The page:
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IRD wants to hear from employers

IRD wants to know what employers think of their proposals for correcting and adjusting PAYE filings.

This recently released officials’ paper sets out the background and proposals: http://taxpolicy.ird.govt.nz/publications/2017-ip-paye-error-correction/overview

A tax bill currently before Parliament will change how employers meet their PAYE reporting and payment obligations. The entire bill is here: http://taxpolicy.ird.govt.nz/bills/51-249. Employers will be able to use their payroll software to file their PAYE information directly. The objective is to reduce paper based compliance and make it easier for those who have payroll systems that support digital filing.

The officials’ paper on correcting payroll reporting errors follows on from the changes intended in the bill and deals with how calculation, transposition and interpretation errors would be corrected and adjustments made. Depending on the nature of the error the correction may be to the original reporting period or an adjustment could be made in a later reporting period. The officials have set out a number of options under different scenarios.

Getting PAYE right all the time is extremely difficult. There are many complex variables and the officials at IRD recognise this in the approach they’ve taken. Overall the proposals appear balanced and pragmatic. However, not all options will appeal to all employers and it’s important you have your say if you are concerned about the impact on you.

The proposals include clarifying what happens when an employee is mistakenly overpaid and does not repay the employer. There is some uncertainty whether the overpayment is actually income of the employee that should be subject to PAYE. IRD intends to make it clear PAYE remains payable on overpayments of salary and wages when the employee has not refunded the overpayment. This could be a contentious. It some cases it could seem as though the tax collector is benefitting from an error by the employer and the employer is bearing an added cost of their mistake solely because the employee refuses to repay the overpayment (and may even have become uncontactable). There will be lots of scenarios to consider and I’d be surprised if there weren’t some strong submissions on this point.

If you want to make a submission you have until 15 September. Don’t be shy now!

 

Iain

 

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Australia leads NZ 2 – 0

The Australian Government looks likely to change its GST treatment of digital currencies. In NZ we’re left wondering what our Government’s position is.

This is the second time in about as many weeks Australia has taken steps to address a well acknowledged GST issue. Just a few days ago we learnt it is now almost inevitable the low value import threshold in Australia will be reduced, perhaps even eliminated; see my 22 July post.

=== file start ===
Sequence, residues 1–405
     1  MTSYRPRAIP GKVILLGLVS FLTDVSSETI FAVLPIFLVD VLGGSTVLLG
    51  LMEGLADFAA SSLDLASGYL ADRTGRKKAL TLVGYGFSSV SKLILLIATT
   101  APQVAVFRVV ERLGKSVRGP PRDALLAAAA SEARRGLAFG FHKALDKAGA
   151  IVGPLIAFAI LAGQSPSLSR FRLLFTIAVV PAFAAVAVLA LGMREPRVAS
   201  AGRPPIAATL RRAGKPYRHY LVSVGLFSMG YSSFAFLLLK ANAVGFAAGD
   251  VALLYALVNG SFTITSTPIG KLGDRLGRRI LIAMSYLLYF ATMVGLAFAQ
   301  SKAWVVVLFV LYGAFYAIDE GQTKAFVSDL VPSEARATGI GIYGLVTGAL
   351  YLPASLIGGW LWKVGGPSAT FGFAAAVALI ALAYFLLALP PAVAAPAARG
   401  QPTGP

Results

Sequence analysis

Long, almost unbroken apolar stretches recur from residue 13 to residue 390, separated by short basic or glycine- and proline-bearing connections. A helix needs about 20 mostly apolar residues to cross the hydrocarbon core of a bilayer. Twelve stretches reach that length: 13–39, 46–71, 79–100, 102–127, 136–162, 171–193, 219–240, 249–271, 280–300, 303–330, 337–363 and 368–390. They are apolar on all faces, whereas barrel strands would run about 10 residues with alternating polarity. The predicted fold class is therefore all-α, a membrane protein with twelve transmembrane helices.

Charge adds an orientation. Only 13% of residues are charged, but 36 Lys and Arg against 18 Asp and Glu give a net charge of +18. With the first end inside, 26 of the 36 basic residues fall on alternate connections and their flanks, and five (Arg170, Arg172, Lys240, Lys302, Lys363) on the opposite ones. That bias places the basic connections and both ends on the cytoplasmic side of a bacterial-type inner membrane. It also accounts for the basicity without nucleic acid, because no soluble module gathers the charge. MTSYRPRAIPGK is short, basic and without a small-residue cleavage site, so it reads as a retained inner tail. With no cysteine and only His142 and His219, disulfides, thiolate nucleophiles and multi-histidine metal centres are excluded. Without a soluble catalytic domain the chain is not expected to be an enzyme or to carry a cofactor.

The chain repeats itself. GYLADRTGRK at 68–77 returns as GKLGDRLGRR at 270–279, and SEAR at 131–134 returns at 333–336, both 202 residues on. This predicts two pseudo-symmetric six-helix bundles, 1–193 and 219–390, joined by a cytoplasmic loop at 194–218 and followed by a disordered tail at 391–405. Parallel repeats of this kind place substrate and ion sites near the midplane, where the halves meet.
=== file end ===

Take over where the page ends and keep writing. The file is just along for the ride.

And on 4 August the Senate Standing Committee on Economics released its report on digital currencies. You can find the full report here: http://www.aph.gov.au/Parliamentary_Business/Committees/Senate/Economics/Digital_currency/Report

The Committee was asked to consider the tax treatment of digital currencies and the Australian Tax Office’s (ATO) published position.

The report highlights the practical and commercial issues with the current tax treatment. GST is singled out as the most significant. The ATO, rightly in my view, concluded digital currencies are commodities and GST applies to them in the same way it applies to traditional barter arrangements.

As the Committee points out, this leads to double taxation and can be a permanent cost for private consumers when they’re exchanging real currency for digital currency.

The Committee recommends digital currency (like Bitcoin) be treated the same as money for GST purposes and the Government consult with States to consider changing the GST law. This would remove GST from digital currency and resembles the “exempt” treatment adopted in the UK.

I have no doubt the NZ Government (through Inland Revenue) is following this development just as it is the low value import threshold issue. And, there is sense in staying close to Australia and not blazing our own path on these issues. Nevertheless, it would be good to know where IRD stands on digital currencies and GST.

Iain

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Bit of a GST fizzer…..

We were eagerly awaiting an announcement in yesterday’s Budget 2015 speech on digital services but…. nothing. How many more countries need to take the lead on this before NZ acts?

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Australia jumps ahead of NZ in taxing digital commerce

The Australian Government has released draft legislation proposing to apply GST to downloads and streaming of digital content and other services supplied from offshore to Australian consumers.